Where do we go from here?

Manual testing isn't dying, but it is evolving. We have seen, and will continue to see, a shift toward more social-based and exploratory testing. That translates into less working on your own and more working in groups, as well as fewer repeatable test cases and more testing in uncharted territory. Both of these shifts will increase software quality tremendously.

We'll also see more testers stepping up not as quality assurance (QA) professionals but as quality advocates. They will help guide the processes of creating new automated tests by keeping business needs and realism in mind, while also helping other team members think of a product's quality holistically.

As testers, this is a great time to hone your self-marketing skills. Whether you're an employee or a consultant, it's important to be able to sell the need for testing—either the need for it in general or the need for certain kinds of it.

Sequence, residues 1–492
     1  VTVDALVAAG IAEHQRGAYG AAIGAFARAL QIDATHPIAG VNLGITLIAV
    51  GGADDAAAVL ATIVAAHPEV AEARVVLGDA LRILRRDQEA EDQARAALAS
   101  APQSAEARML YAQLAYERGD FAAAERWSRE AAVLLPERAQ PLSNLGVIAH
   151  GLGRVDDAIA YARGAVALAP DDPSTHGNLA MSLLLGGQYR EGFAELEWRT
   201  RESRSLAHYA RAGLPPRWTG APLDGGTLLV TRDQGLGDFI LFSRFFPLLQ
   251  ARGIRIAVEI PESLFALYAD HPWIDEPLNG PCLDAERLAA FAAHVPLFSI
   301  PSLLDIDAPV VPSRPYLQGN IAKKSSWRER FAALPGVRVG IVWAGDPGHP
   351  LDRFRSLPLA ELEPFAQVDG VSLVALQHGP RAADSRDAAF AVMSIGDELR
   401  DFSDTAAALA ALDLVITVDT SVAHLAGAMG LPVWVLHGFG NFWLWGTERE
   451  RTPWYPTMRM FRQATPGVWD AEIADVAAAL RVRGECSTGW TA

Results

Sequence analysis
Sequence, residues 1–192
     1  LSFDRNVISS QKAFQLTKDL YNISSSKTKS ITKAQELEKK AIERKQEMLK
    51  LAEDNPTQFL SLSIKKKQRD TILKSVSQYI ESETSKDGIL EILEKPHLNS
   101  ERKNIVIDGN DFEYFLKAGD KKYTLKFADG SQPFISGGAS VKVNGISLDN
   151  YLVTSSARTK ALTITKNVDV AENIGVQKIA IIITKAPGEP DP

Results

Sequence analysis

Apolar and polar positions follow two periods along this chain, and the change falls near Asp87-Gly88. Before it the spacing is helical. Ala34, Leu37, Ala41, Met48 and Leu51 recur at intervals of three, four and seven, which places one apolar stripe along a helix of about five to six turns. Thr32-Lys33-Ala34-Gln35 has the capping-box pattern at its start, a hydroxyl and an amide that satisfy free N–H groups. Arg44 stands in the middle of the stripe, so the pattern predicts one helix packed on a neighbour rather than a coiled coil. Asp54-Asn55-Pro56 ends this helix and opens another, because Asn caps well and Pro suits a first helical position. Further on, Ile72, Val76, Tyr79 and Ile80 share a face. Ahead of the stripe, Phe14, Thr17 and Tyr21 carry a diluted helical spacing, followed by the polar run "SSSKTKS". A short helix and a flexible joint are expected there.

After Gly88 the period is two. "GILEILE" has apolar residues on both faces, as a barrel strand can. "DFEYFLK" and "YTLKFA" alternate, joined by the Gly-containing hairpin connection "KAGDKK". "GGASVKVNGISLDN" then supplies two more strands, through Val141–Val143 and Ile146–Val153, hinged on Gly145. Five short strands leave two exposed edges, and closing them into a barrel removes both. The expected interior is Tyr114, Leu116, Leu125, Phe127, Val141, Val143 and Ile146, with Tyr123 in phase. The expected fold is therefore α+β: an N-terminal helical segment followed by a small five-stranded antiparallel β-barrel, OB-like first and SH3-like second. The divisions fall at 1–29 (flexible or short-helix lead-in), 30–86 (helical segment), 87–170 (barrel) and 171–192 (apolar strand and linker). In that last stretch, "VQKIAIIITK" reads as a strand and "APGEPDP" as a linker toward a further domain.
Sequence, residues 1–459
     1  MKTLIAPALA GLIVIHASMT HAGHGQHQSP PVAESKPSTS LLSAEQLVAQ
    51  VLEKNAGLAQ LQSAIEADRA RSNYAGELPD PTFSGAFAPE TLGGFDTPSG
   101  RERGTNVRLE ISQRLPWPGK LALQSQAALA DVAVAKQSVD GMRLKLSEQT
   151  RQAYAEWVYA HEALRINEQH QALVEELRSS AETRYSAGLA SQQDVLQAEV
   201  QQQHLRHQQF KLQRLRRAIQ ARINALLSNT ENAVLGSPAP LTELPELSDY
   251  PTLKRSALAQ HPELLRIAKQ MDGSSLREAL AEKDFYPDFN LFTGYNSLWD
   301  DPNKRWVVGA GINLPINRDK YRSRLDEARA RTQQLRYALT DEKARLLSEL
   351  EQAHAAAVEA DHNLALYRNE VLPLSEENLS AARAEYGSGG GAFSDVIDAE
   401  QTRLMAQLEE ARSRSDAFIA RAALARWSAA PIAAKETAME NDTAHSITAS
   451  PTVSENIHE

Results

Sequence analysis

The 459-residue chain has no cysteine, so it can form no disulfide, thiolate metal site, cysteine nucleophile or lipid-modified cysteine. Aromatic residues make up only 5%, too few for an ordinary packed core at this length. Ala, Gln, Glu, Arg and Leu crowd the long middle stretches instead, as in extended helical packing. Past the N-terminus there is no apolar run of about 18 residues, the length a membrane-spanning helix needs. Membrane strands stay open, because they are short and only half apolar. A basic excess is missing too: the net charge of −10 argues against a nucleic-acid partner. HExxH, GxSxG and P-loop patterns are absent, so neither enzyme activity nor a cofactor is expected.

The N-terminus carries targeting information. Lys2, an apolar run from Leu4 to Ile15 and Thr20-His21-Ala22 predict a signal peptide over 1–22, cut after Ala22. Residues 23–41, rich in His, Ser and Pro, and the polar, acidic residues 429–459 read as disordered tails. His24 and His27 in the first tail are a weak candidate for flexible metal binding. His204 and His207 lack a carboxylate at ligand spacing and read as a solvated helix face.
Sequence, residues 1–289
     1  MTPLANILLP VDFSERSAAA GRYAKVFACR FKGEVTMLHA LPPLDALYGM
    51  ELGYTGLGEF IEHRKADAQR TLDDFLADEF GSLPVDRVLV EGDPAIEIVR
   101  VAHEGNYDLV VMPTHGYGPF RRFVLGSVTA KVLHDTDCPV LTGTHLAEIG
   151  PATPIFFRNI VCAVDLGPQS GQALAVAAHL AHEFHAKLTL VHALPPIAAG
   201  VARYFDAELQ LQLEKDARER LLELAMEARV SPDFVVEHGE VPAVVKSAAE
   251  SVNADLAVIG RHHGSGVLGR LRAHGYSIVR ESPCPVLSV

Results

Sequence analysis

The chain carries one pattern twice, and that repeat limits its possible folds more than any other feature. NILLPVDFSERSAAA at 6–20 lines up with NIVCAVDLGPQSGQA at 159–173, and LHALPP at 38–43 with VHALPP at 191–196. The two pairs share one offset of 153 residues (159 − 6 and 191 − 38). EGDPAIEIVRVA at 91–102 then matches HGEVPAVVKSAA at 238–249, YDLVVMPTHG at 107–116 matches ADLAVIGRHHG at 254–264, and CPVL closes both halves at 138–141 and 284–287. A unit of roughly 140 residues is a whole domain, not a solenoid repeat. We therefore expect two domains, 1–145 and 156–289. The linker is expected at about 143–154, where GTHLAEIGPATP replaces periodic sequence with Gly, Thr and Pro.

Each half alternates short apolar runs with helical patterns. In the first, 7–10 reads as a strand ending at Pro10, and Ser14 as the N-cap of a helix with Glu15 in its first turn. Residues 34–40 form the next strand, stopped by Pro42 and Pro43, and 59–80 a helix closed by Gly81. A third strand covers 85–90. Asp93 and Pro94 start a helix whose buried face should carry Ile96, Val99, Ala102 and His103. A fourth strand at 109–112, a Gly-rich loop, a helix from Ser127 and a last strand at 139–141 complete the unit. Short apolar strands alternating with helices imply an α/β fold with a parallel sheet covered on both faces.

It's important to know the right tests to automate, and testers have the kind of visibility to gauge the best candidates for that. Although a team can certainly automate every permutation of data, testers know which ones would provide the most value. This cuts down on automation run time and maintenance and increases the return on investment on automation.

Testers still needed

So don't despair and give up your craft. If, as a tester, you see automation encroaching into your space, that's OK. Sometimes I feel it too. And as an automator myself, I've seen many examples of automation done wrong.

While automation does eliminate part of the job, it can free you to do some incredibly interesting and valuable things. And whether those on the cutting edge believe it or not, the skills testers bring are crucial to software quality.

We still very much need the strategy, the critical thinking, and, frankly, the human-ness of testers for us to continue shipping and increasing the quality of software.

Image: Flickr